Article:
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Liberate the Horizontal and Integrate the Vertical Super-Surface
James Balog

A very quick reminder that today is the last Sunday of March. That means it's International Tree Climbing Day! Go out and find yourself a nice tree, or any tree for that matter, and shimmy on up. Go survey your city anew, replay forgotten moments from your youth, domicile with arboreal creatures for an afternoon, get splinters and bloody scratches, serenade below with songs passed down to us by our hominid ancestors. Don't forget to bring the kids!
Stormproofing Cities
New Orleans

Terreform ONE has released the brief for this year's ONE Prize Competition, challenging entrants to envision urban design strategies for coping with present and future “severe climate dynamism.”

How can cities adapt to the future challenges of extreme weather? The ONE Prize is a call to deploy sophisticated design to alleviate storm impact through various urban interventions such as: protective green spaces, barrier shorelines, alternative housing, waterproofing technology, and public space solutions. We wish to reinvigorate infrastructure and repurpose spaces towards environmental adaptation in order to put design in the service of the community.

Perhaps a network of smart dikes snaking through daylighted marshes and mangroves wherein retreating villages of soft pavilions inhabited by Ethel Mermans and Fred Astaires perpetually cycle through periods of colonization and diaspora? A city of a thousand and one artificial mesas?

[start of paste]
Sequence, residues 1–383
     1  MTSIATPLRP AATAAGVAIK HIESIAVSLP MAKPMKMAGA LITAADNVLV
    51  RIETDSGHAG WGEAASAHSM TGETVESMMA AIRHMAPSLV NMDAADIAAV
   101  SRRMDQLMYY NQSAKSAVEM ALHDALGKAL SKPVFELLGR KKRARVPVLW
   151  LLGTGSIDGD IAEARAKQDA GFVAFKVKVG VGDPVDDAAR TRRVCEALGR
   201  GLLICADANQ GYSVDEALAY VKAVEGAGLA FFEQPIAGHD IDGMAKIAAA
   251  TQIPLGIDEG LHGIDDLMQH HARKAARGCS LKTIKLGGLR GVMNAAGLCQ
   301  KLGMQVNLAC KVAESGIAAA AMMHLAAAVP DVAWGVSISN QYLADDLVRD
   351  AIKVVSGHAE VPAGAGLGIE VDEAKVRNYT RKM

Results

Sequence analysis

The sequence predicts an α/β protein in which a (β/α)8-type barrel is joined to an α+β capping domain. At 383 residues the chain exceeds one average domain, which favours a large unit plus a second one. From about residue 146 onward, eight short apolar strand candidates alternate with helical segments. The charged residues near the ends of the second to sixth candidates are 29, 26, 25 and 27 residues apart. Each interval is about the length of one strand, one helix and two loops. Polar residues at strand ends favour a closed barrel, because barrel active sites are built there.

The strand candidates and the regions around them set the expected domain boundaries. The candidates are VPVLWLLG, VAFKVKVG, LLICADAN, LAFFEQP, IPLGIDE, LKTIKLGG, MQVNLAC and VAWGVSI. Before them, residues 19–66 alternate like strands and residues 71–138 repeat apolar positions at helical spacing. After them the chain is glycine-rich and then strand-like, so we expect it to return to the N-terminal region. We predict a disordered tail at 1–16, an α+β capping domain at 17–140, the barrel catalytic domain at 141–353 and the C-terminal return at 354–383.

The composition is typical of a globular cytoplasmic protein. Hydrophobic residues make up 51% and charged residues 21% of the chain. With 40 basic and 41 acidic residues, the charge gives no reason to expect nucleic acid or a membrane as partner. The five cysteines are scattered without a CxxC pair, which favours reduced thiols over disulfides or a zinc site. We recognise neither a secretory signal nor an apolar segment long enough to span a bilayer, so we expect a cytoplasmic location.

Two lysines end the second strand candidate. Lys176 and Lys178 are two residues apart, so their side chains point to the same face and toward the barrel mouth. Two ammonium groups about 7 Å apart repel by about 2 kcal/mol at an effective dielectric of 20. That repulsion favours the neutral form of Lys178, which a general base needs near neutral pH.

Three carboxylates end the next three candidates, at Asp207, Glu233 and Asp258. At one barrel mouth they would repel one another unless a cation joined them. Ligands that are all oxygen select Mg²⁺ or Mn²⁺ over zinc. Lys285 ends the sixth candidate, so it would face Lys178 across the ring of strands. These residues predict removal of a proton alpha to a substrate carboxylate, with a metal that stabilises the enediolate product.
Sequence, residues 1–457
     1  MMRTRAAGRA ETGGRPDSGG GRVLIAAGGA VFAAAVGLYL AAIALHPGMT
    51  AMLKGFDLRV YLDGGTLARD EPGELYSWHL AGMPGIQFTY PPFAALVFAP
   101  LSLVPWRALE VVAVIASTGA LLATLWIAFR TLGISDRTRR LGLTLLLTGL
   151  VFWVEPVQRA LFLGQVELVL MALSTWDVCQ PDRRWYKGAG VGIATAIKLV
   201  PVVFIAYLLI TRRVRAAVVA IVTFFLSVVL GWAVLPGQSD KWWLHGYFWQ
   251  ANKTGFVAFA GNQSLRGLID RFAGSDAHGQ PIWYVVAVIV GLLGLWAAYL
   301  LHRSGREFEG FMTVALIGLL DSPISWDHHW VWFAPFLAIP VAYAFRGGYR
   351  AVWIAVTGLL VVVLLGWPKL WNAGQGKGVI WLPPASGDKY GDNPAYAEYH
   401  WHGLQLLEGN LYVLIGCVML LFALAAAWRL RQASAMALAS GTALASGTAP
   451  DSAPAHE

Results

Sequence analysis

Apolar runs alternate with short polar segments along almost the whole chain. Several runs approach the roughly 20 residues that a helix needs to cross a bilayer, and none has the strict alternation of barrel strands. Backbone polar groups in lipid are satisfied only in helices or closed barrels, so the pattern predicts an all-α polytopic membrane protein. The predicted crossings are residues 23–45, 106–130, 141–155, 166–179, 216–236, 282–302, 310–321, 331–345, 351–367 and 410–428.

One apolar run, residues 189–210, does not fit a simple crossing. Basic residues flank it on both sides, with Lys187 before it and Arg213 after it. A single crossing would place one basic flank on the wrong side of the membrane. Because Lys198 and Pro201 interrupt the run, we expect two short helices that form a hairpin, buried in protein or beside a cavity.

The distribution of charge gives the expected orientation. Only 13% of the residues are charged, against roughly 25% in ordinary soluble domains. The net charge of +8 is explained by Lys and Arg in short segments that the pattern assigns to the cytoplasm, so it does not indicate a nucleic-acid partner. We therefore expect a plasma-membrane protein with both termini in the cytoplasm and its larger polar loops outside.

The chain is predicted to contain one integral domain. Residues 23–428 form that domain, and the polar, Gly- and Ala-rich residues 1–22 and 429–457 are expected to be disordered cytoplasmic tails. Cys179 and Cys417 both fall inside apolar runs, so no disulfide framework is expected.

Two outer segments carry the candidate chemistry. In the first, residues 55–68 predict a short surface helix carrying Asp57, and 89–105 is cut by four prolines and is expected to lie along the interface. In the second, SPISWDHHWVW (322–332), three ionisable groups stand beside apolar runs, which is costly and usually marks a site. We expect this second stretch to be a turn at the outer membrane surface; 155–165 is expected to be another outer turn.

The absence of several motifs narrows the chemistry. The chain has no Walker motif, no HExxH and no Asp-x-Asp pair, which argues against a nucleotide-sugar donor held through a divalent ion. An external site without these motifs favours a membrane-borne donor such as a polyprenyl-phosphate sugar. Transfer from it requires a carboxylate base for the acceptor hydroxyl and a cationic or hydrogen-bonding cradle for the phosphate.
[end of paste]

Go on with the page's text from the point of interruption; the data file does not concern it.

The deadline is 31 August 2013, meaning you have plenty of time to develop your submission or multiple entries. There is also no registration fee.
The Bismuth Stepwell

One of the Marvelous detritus that Tumblr occasionally spits out is this large bismuth crystal. As with most things on Tumblr, no other information is given, especially whether this sample was found naturally occurring or artificially grown. It's most likely the latter, which would explain the highly pronounced stair-step lattice distinctive to hopper crystals like bismuth. This characteristic structure occurs due to the crystal growing faster along the edges than at the center. As more mineral molecules are attracted to the edges, leaving less and less to fill the interior sections, the crystal craters. As for its iridescent color, that is due to oxidation.

If you want to make your own bismuth crystal, there are certainly plenty of YouTube instructionals for that, including this. In fact, bismuth has a low melting point (271°C or 520°F) that you could probably use a regular stove and some old kitchen wares rather than a fully outfitted smelting lab.

Though perhaps the world needs a smelting lab dedicated solely to fabricating gigantic bismuth crystals. A fantamagical stepwell factory.


Out in the desert or deep in the rain forest or hidden in a mountain valley, pools of molten bismuth are allowed to cool and crater down into the mantel, spiraling as they excavate their own labyrinths, like divining rods probing the earth for water to fill their lidos in the making. Not the comparatively uncomplicated “inverted ziggurats” they are usually described as, rather these bismuth stepwells might be more akin to a cancerous mass of Borobudurs hybridized with fetus in fetu Ankor Wats, inverted.

And then the factory is dismantled and carted away, leaving these “deeply wrinkled surfaces,” as Mary-Ann Ray might put it, for travelers to discover. “Like pieces on a game board, travelers move around within and upon it, discovering possible relationships with other travelers, hiding, seeking, losing, finding, passing by, encountering, entrapping, nearly missing.”

Tarsem Singh eventually flies in to film his interpretation of Jules Verne's Journey to the Center of the Earth.
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